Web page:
Critical Analysis Dissertation Writing Schedule

A critical analysis (sometimes called a critique, critical summary, or book review) is a systematic analysis of an idea, text, or piece of literature that discusses its validity and evaluates its worth. A critical analysis usually includes a summary–a concise restatement of what a text says–and an evaluation–how well it says it. A critical analysis in literature, for example, might examine the style, tone, or rhetorical appeals of a text, while an analysis of a scientific paper might examine the methodology, accuracy, and relevance of the research.

A good critique will consider the following questions

  • Who is the author, and what are his/her qualifications?
  • What is the nature of the work (type, purpose, intended audience)?
  • What is its significance? How does it compare to other material on the same subject? By the same author?
  • What is the author's thesis?
  • What is the organizational plan or method? Is it well conceived? Does it achieve the author's objectives?
  • What are the underlying assumptions? Are they stated or do they lurk behind a stance of neutrality and objectivity?
  • How do assumptions and biases affect the validity of the piece?
  • Are arguments/statements supported by evidence? Is the evidence relevant? Sufficient?
  • Is the author's methodology sound?
  • What evidence or ideas has the author failed to consider?
  • Are the author's judgments and conclusions valid?
  • What rhetorical strategies does the author use? Are they effective?

A word about the thesis statement

Remember that no matter what format you follow in writing your critical analysis, it should have a thesis statement that establishes your approach to or opinion about the piece. Your thesis statement will not be the same as the original author's thesis statement. For example, say that the original author's thesis statement is “the moon is made of green cheese.” Your own thesis might be “the author's assertion that the moon is made of green cheese is ill-founded and is not supported with adequate evidence.”

Organizing the Critical Analysis

There are many models for writing a critical analysis. Some disciplines recommend breaking an analysis into two sections: The first section provides a summary of the content of the work, while the second section analyzes and evaluates the work. Other disciplines, in contrast, favor a model in which the summary and analysis are smoothly integrated. See the reverse side for two serviceable (if unembellished) formats for a critical analysis. Also, remember that length can vary from a paragraph to several pages.

Sample Critical Analysis — Two-Part Structure

Introduction

[Summary Section]

In “Nature Cannot be Fooled,” [title] originally published in 1998 in the St. Louis Post-Dispatch, [date and source] Washington University Professor Jonathan Katz[author name and descriptor] contends [active verb] that American Society denies reality, living instead as if its “wished-for fictions” were “true” [paraphrase (and partial quotation) of author's thesis]. Katz further [transition] argues[active verb] that this distorted view of reality manifests itself in many negative ways—from public health policy to education. [list of key ideas]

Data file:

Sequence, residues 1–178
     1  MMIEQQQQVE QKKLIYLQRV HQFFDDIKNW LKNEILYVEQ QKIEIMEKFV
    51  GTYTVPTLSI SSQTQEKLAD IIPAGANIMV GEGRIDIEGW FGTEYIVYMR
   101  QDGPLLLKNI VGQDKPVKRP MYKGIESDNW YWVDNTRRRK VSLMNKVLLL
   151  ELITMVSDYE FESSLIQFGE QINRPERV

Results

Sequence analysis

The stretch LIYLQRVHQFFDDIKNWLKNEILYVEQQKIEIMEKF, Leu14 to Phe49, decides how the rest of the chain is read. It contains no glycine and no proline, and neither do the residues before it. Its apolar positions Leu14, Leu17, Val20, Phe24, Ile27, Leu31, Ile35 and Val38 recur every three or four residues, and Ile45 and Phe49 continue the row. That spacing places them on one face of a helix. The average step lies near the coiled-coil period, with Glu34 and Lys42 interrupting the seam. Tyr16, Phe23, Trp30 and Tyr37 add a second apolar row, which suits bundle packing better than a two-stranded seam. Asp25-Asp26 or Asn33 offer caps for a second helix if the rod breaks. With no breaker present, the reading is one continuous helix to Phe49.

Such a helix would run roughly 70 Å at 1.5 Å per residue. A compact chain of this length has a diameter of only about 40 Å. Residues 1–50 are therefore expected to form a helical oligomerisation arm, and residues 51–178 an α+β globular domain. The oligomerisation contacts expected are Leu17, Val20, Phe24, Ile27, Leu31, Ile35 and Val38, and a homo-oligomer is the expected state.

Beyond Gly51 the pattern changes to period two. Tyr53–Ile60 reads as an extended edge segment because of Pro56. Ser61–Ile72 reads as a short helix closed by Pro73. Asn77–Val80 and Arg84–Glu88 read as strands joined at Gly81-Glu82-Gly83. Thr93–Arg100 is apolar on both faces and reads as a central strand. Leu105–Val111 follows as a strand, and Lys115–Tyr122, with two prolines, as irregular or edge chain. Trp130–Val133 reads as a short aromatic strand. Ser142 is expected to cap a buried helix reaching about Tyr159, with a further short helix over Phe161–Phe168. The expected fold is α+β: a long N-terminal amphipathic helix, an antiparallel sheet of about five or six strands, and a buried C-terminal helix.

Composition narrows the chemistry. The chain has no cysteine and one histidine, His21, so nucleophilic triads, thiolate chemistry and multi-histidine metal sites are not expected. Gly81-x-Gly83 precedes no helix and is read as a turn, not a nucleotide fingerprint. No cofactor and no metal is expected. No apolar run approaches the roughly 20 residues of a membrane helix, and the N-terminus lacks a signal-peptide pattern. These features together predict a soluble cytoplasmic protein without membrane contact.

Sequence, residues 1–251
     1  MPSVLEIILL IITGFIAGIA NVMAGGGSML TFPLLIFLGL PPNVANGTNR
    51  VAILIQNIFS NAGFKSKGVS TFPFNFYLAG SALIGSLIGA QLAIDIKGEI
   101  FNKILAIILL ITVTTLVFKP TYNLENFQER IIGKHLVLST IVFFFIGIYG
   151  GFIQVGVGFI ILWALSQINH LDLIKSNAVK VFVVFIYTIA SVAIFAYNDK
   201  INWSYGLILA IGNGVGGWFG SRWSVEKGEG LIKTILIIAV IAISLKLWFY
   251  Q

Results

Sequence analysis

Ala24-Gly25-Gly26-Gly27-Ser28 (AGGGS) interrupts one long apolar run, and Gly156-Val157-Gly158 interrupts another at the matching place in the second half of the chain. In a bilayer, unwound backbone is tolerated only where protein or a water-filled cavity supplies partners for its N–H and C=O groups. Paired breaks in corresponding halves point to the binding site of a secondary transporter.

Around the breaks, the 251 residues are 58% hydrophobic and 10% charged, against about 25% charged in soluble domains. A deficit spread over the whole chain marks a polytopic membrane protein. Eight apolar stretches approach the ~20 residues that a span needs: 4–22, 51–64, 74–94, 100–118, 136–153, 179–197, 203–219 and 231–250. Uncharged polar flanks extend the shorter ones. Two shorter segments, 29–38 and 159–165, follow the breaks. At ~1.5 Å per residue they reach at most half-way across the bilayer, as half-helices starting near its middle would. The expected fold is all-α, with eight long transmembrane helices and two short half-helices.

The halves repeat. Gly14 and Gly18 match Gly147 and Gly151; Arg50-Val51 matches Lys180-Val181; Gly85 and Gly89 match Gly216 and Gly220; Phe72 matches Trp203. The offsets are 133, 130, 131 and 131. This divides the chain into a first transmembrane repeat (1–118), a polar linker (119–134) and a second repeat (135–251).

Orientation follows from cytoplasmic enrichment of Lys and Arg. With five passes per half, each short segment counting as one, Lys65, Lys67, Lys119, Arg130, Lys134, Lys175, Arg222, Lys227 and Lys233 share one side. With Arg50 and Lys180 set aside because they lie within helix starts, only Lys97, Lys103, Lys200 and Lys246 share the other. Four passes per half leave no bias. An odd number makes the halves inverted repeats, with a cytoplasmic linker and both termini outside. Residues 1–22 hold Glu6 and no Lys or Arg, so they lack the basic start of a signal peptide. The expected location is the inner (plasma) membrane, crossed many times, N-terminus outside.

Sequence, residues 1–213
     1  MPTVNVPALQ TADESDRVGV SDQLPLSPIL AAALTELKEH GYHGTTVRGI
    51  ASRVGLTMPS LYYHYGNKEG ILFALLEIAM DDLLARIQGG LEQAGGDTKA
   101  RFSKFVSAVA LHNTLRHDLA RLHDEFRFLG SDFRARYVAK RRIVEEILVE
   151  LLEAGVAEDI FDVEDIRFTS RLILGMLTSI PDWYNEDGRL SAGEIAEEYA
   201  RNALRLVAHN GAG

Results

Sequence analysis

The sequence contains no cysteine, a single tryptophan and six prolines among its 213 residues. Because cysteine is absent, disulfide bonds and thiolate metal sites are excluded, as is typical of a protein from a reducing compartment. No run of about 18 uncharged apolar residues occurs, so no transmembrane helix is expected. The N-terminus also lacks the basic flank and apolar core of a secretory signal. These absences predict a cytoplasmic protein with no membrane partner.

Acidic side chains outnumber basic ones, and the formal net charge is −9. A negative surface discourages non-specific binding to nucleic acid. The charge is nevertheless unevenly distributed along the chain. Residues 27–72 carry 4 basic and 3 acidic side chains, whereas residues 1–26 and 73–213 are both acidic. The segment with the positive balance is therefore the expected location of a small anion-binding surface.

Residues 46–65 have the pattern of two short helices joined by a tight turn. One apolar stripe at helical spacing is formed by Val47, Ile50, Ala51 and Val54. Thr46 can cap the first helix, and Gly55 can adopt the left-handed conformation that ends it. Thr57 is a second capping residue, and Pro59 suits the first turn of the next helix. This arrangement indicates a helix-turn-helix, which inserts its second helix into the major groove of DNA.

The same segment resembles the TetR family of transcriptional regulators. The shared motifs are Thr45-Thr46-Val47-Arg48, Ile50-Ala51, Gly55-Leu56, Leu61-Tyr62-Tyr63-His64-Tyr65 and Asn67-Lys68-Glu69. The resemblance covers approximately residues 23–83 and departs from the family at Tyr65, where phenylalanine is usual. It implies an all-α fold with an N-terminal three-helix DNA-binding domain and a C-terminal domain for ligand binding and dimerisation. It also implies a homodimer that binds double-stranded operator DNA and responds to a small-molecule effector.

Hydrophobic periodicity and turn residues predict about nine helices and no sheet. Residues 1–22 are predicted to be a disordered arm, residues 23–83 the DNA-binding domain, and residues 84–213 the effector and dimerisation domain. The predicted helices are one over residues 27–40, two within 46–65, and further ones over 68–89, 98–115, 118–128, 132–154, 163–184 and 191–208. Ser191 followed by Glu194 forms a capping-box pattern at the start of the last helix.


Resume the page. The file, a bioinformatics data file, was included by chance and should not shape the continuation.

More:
[Evaluation Section]

(Note that the evaluative terms are bold-faced for the purposes of illustration only.)

Unfortunately, Katz fails to support his argument. His commentary relies onfallacies, unsupported claims, and opinions rather than on logical statements, supported claims, and facts. Therefore, even though Katz expresses much passion, he fails to offer a persuasive argument. [Use your own thesis statement to provide an organizational plan for the paper.]

Body Paragraphs

The body paragraphs should analyze particular components of the work. For instance, in an analysis of the Katz commentary, the body would offer specific illustrations of the flawed passages in Katz's commentary; these illustrations would support the analytical claims that you are making about the work. The focus, then, is objective analysis, not subjective response.

Conclusion

The conclusion may restate the author's thesis, but the main purpose of the conclusion should be to emphasize your assessment of the writer's work.

Sample Critical Analysis — Integrated Model

One technique for integrating a summary and an evaluation is simply to merge the two separate sections (like the examples above) into a single introductory paragraph. Another technique is to synthesize the summary and evaluative comments, as in the following sample introduction:

Introduction

In 1936, J.R.R. Tolkien wrote “Beowulf: The Monsters and the Critics” for an audience of literary scholars of his own day. Thus, the essay can pose some difficulties for modern readers, who may not be familiar with literary history or the specific critics to whom Tolkien refers. In addition, Tolkien's diction is formal and quite dense. Nevertheless, he offers a persuasive and masterful defense of Beowulf, one of England's most beloved works. [Our thesis] Tolkien argues that Beowulf scholars are wrong to mine the poem solely for historic evidence about the Anglo-Saxon period, rather than reading it as a great and inspiring work of literature. [Tolkien's thesis] Although he agrees that its historical value is high, he shows that Beowulf is so powerful as a poem that its literary qualities far outshine its historical value.

Teresa Sweeney & Fran Hooker Webster University Writing Center, 2005